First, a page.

Property owners, managers have until this week to acknowledge town's legal action
The clock is running on a pair of property management companies with offices in Southwest Florida to respond to Longboat Key’s lawsuit over its short-term rental rules.
The town on June 4 filed suit in Sarasota County for the 12th Circuit against Equity Villa Fund LP and Equity Residences LLC, both with Naples addresses, over their operation of a home at 537 Schooner Lane, which the lawsuit alleges is being operated improperly as a vacation rental and fractional-ownership site.
Summonses were served on June 6, starting a 20-day count for both companies to respond. Town Attorney Maggie Mooney called the companies' "unrepentant" in violating town rules that forbid rentals of less than 30 days in an area not zoned for tourism.
The town has issued more than 12 citations to Equity Villa Fund, with no payment, over violation of the rule, the lawsuit claims. Equity Villa Fund claims the town’s rules have been pre-empted by Florida statute. The town disputes that claim, stating that while the rule was amended and restated, the rule was not “materially modified in substance from its pre-June 1, 2011 form.’’
“Our ordinance has a long-standing history,’’ Mooney said “It predates the 2011 pre-emption by the state legislature, but we expect that argument will be raised by their counsel and we just need to address that.’’
That date is important, for all short-term rental rules passed after 2011 were nullified when the state Legislature passed a law allowing short-term rentals anywhere across the state.
While not seeking damages, the town is seeking an injunction against the companies to stop using the property as it’s been doing.
The lawsuit also seeks the Equity Villa Fund stop doing business in Florida, as its certificate of authority to transact business in the state was revoked in 2017.
The companies have not returned phone calls seeking comment.
++ADA suit results shared around state
+Following the dismissal of a lawsuit claiming Longboat Key’s town website did not meet standards of the Americans with Disabilities Act, the results of that federal case have been shared around the state by the Florida League of Cities and an association of state city and town attorneys.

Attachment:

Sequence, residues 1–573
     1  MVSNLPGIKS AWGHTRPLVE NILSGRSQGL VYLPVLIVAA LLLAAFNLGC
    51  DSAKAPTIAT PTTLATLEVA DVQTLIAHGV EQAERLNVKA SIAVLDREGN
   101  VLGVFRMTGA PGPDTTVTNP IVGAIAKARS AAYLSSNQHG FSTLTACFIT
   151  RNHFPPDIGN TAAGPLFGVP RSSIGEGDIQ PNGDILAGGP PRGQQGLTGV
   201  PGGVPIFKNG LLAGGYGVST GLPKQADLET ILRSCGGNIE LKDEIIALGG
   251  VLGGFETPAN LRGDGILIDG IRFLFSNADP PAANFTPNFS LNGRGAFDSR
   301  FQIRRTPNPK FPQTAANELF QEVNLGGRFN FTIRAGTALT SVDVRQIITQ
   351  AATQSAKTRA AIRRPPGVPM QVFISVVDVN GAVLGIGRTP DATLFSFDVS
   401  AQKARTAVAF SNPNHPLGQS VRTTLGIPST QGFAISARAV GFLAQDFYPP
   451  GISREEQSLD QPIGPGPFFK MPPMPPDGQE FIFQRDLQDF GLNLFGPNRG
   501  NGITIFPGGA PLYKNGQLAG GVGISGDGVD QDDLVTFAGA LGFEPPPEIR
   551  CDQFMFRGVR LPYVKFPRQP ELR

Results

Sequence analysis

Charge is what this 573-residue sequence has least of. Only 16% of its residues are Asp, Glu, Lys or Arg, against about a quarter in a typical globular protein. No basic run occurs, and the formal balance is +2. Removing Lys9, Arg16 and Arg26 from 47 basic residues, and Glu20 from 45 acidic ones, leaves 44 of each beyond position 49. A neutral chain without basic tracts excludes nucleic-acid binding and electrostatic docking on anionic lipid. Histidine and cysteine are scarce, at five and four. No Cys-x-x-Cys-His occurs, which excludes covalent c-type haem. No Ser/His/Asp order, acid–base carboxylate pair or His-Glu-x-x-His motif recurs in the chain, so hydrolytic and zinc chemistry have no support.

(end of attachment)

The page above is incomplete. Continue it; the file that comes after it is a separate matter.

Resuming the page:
In the ruling to dismiss, which was not challenged by the blind Daytona Beach man who has sued dozens of towns, cities and counties, the Judge William F. Jung wrote Joel Price was promptly accommodated by town staffers, who mailed him documents compatible with reader devices that were not similarly compatible on the town’s website. The judge in the case also ruled that Price had no standing in the local community and “does not make clear his ties or connections to the town or as it related particularly to him.
Dozens of cases alleging similar ADA facts have been settled across the state, with the towns and cities paying in the range of $10,000 to $25,000.
In the 2020 budget, the town is setting aside $25,000 for ADA compliance. The two projects identified by the town:
- Live closed captioning for streaming video of town meetings. The town currently adds closed captioning to version of the video posted after the meetings have concluded.
- Paying for third party vendors to make complicated documents compatible with reading devices used by the visually impaired. Town officials have changed the formatting of even the simplest documents, eliminating underlines, altering line spacing and paying heed to such things as document headers and footers that can be misread.
Because of the difficulty in converting such documents as spreadsheets, charts, graphs and passes that contain strike-through and underlining edits, the town is not able to post such material digitally. Agenda packages that contain such documents, similar to the versions provided for the seven town commissioners, are available in hard copy form at Town Hall.